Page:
How to manage refund requests

business support business templates legal template refund policies refunds Jul 26, 2022
How to manage refund requests

This blog post was first published on 12 January 2021

The content of this blog post is information only and does not include legal advice.


Today we’re talking about how to manage that dreaded question: “Please may I have a refund?”


Receiving a message from a client asking for their money back is one of the things that many entrepreneurs fear the most. Whether you receive a refund request from a current client who is at the beginning or midway through a programme, or even worse, several months after you’ve finishing working together, it’s far from a highlight of running your own business. The sad reality is that even if you think this will never happen to you, these are completely valid concerns for every business owner. Here at Lucy Legal we see this happen to other business owners a lot (and a lot more than people share on social media!).

We know that you’re passionate about the work you do and that you want your customers/ clients to be happy. We know also know that’s it’s important to you that your business is legit, so today on the blog we’re going to begin to shed light on what you can do to manage refund requests in a legally sound, professional and fair way.

We’ll begin to touch on a few things you need to know when marketing, selling, onboarding and serving clients, as well as what to consider in the event of receiving a refund request.

It’s important to note at the outset though that even if you put your best foot forward on the legal side of things, ultimately we cannot guarantee that you won’t receive a refund claim. The reality is that someone could go still through a 3 month coaching process and ask you for a refund. That said, doing what you can to ensure that firstly where possible you are set up to avoid a request but secondly you know your terms are legit so that you can manage any refund requests that you receive.

Starting and selling out on the right foot


As much as you can’t stop refund requests from coming in, there are some things that you can do to ensure you’ve done everything within your power to keep your clients happy. The key to this is being clear and transparent in what you can offer as a business and managing your potential clients’ expectations from the outset.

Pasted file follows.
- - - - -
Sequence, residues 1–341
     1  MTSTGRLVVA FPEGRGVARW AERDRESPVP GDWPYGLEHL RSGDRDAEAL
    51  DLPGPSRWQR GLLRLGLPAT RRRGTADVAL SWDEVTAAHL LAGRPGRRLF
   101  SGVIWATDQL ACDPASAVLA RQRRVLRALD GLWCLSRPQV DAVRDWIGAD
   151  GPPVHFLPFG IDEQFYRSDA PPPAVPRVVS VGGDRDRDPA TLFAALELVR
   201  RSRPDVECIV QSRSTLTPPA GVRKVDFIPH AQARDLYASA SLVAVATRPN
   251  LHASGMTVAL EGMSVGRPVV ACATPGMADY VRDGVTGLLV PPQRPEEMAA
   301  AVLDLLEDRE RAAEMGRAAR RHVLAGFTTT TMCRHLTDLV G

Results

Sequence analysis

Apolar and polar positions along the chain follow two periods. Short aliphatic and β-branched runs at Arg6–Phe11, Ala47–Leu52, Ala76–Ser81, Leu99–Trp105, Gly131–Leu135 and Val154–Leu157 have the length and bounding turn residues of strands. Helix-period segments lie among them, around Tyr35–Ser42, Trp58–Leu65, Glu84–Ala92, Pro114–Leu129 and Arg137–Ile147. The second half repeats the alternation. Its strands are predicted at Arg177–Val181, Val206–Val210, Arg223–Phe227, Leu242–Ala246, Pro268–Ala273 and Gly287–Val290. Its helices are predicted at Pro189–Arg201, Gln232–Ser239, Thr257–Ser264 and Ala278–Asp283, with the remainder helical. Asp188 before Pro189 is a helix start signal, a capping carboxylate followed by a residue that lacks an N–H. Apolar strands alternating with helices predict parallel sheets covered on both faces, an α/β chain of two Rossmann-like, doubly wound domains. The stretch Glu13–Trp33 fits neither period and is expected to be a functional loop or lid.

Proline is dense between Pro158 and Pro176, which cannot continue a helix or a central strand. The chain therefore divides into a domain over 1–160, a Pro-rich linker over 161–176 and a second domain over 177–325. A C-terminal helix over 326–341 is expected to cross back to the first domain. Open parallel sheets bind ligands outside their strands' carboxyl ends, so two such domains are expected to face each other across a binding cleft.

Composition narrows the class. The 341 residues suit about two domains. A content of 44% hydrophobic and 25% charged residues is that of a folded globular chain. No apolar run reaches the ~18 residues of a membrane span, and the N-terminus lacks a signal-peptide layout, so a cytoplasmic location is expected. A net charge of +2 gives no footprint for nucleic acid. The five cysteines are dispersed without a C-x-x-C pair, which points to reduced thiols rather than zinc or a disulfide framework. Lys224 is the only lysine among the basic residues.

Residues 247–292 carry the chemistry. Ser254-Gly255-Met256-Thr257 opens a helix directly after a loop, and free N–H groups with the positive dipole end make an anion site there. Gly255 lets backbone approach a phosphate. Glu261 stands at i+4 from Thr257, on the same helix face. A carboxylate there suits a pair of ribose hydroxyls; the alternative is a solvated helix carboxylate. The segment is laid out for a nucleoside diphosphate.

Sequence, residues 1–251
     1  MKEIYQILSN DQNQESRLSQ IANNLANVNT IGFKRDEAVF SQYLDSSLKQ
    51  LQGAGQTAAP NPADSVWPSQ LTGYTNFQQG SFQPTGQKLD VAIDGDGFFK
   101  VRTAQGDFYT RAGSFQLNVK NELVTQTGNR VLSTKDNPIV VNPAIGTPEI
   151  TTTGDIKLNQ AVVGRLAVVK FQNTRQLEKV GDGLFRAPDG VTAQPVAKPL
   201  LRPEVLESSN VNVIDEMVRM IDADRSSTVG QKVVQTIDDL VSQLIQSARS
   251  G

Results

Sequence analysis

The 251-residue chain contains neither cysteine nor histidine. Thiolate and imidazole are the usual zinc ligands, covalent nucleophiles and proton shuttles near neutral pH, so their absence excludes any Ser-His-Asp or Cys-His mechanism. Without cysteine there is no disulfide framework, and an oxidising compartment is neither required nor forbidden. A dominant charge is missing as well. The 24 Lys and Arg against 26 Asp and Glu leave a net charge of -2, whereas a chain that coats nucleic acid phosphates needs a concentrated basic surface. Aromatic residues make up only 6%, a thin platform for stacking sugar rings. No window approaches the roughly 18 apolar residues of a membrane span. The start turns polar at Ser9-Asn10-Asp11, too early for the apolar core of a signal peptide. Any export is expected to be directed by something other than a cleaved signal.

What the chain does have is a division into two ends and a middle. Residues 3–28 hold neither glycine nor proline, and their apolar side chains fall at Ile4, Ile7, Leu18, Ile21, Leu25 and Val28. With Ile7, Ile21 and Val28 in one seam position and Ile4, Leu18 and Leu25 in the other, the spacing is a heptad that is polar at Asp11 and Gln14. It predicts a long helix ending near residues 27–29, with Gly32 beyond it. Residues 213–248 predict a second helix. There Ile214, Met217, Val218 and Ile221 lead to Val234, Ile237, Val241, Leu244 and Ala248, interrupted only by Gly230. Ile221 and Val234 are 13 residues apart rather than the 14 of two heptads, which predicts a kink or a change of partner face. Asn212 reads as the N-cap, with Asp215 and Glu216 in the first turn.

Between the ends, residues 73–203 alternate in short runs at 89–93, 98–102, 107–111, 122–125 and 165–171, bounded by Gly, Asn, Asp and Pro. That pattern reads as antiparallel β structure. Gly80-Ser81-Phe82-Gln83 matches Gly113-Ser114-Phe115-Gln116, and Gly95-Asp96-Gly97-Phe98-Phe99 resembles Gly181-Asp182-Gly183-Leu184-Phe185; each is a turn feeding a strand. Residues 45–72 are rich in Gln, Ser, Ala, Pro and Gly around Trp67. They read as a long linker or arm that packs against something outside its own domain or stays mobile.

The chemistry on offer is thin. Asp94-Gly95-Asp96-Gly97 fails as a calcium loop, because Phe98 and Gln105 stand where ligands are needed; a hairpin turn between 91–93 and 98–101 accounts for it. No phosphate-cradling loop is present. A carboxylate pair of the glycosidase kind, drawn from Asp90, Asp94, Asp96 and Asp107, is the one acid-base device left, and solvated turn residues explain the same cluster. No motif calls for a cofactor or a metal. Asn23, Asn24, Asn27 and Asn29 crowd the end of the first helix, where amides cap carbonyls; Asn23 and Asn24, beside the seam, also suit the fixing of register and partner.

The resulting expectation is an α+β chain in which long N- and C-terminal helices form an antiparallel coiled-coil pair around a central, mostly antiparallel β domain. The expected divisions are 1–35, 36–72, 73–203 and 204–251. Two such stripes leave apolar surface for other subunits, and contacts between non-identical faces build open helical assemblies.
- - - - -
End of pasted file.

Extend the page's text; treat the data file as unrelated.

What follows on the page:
First and foremost, it’s important to think about how you’re showing up and how you’re presenting your business online through your marketing, whether on social media and on your website. That means being careful and really thinking about what you’re saying and potentially promising potential clients in your social media captions, your Instagram Stories, your LIVE streams, your Instagram Reels, Instagram Guides, your emails, your sales pages and your website more generally.

Whilst these don’t form the terms of a contract, they do count as an invitation to treat, whereby you are suggesting to people what you are offering. If what you’re suggesting you can offer isn’t representative of what you can deliver then this could go towards a claim of misrepresentation. Are you promising them a transformation? One mistake that we see a lot, especially in the coaching industry, is business owners promising a transformation they cannot guarantee. An example of this may be suggesting that you could help a client to go from anxious to anxiety free when you cannot guarantee that someone will leave your time together being free from anxiety. Make sure that you’re sense-checking your wording and copy, so that enticing language does not cross the line and become misleading.

You might have seen other people in your industry using phrases such as “no refunds” or “no contract” in their marketing and sales pages. We have heard this a lot from clients in the coaching industry, whereby marketing and selling methods are quite often passed down and learned from others in the industry without question. Please know that just because someone else is doing something a particular way it doesn’t mean that it’s legal, even if they are a big name in the industry. There are many circumstances whereby customers are entitled to a refund and saying otherwise can open up a can of problematic worms. The inclusion of phrases such as ‘no contract’ are concerning by doing so, business owners are failing to protect their intellectual property and creating situations where they aren’t properly protecting their clients.

These include terms, disclaimers, refund terms (for online and in person products and services and digital downloads), cancellation policies and how much you are permitted to change the scope of the terms especially during a launch and how to properly market in accordance with the law in respect of disclaimers and sales descriptions.


Having solid foundations in client relationships- contracts


Before you even think about how you might respond if you receive a request for a refund, it’s important to make sure you have the solid legal foundations in place in the onboarding process, whereby you’re formally entering a business relationship. Having legit client contracts in place ensures that you’re making it clear to clients as to what they can reasonably expect from working from you and where where you both stand legally.